The Unconditional Blog

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Archive for the ‘Online marketing’ Category

43

Auctioning of property certainly growing in popularity (Updated)

Posted on: August 11th, 2009 | Filed in Buying / Selling a home, Online marketing

istock_000009029079xsmallThe media has been carrying  a number of stories recently to the effect of the rising number of auction sales – primarily as a reflection of a more active property market – “Sharp rise in Auctions” was how the Press reporter captured the mood of the 80 auction bookings last month in Christchurch through the Harcourts franchise of Grenadier.

However the question that article triggered in my mind, is how many auctions are there at any one time and what has been the trend over time?

Well the latest data certainly shows that the facts seen in Christchurch are reflected nationally.

In June there were 1,002 properties listed which were being marketed as auctions – that was up a whopping 160% from June last year and exactly double the number listed in June 2007 – at the  very last breaths of the property bubble. July has continued that trend with a record 1,331 properties listed as auctions, an 180% increase year on year.

Going back over the past 2 ½ years shows no single month with as many auction listings – closest was March of this year at 826 and March 2007 with 816.

Property listed for auction July 2009 realestate.co.nz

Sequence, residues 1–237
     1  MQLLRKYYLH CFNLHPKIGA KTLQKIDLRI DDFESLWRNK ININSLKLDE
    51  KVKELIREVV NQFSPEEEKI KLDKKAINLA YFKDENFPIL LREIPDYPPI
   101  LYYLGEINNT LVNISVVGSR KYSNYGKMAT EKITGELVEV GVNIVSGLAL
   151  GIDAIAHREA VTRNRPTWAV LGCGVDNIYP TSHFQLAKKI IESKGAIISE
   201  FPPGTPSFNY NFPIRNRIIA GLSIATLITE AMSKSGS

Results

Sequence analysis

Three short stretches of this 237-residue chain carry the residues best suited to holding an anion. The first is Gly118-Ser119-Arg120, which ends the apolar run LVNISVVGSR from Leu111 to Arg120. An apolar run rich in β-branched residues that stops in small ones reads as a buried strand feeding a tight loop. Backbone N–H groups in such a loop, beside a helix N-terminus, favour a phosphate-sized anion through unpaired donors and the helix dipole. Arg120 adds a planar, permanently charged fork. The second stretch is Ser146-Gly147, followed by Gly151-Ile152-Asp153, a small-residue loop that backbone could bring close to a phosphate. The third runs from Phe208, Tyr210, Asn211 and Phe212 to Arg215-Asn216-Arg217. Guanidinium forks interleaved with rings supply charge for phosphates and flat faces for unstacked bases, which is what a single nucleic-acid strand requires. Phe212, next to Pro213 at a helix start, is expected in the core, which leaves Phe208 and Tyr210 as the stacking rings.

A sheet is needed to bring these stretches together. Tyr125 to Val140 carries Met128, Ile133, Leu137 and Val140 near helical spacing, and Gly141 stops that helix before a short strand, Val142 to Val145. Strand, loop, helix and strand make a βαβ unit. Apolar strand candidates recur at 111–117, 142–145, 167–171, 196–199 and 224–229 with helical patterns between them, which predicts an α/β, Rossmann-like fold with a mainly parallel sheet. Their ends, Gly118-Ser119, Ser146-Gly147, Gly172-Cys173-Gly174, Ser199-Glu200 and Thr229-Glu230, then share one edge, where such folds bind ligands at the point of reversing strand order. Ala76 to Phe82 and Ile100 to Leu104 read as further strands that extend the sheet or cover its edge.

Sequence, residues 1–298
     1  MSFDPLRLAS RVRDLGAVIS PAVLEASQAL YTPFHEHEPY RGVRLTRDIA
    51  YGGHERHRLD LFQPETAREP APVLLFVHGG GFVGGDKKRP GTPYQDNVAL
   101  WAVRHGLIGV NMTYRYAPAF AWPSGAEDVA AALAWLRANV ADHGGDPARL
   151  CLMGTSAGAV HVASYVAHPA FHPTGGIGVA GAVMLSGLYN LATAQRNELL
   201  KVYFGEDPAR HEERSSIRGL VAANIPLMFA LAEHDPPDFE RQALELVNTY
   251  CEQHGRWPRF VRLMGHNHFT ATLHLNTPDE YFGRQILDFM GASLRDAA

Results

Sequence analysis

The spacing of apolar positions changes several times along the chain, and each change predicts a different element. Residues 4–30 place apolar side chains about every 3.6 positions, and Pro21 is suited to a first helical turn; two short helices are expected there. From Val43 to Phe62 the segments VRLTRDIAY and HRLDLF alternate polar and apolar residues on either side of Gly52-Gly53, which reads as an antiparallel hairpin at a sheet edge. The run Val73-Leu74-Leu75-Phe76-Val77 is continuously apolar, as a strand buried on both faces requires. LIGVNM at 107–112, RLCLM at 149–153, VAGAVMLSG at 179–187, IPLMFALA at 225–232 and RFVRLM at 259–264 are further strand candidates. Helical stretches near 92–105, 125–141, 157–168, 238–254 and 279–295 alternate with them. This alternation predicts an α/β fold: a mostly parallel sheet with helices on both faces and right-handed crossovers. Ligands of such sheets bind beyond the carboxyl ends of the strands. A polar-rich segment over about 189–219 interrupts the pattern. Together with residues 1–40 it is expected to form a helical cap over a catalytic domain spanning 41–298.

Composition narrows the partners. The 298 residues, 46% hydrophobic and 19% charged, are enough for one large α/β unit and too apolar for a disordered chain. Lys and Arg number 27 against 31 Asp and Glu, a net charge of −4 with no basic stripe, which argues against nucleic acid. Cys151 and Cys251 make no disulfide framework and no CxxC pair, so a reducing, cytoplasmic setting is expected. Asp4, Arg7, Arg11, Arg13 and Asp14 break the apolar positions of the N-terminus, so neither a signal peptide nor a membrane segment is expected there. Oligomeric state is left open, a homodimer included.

This chart above certainly highlights the steady rise of auctions as a preferred method of marketing properties for sale – 12 months of steady growth (as a % of all listings) rising from 3% last June to 12% in July of this year.

Auctions despite this data are not the predominant form of marketing nationally or regionally. In July over 50% of all auction listings were in the Auckland region, add to that the Canterbury region, Wiakato and the Bay of Plenty and you have an average of 8 out of 10 of all auctions. These same regions only account for 6 out of 10 of all homes for sale – clearly auction sale is not as popular in some areas of the country as others.

Wellington for example accounts for 6% of all new listings, but just 3% of auctions – clearly auctions as a marketing strategy is not universally adopted around the country.

The most popular and therefore favoured pricing strategy for new property listings is a Fixed Price – fully 60% of all listings over the past month were listed with a fixed price. By negotiation, offers and POA (price on application) accounting for a quarter leaving the options of tender and auction with 3% and 12% respectively.

Pricing method for new listings July 2009 realestate.co.nz

Update 12 August

A valuable comment on this post has prompted me to share some richer information on auction listings. The question was asked as to whether the rise in auction listings could be attributable to the rise in mortgagee properties being listed of which the vast majority are auctioned. At this time there are 353 mortgagee listings on the website. A figure that represents aound 0.6% of all listings.

The chart below provides a clear view that even removing these mortgagee listings the number of new listings coming onto the market being marketed through an auction has risen significantly during the past couple of months.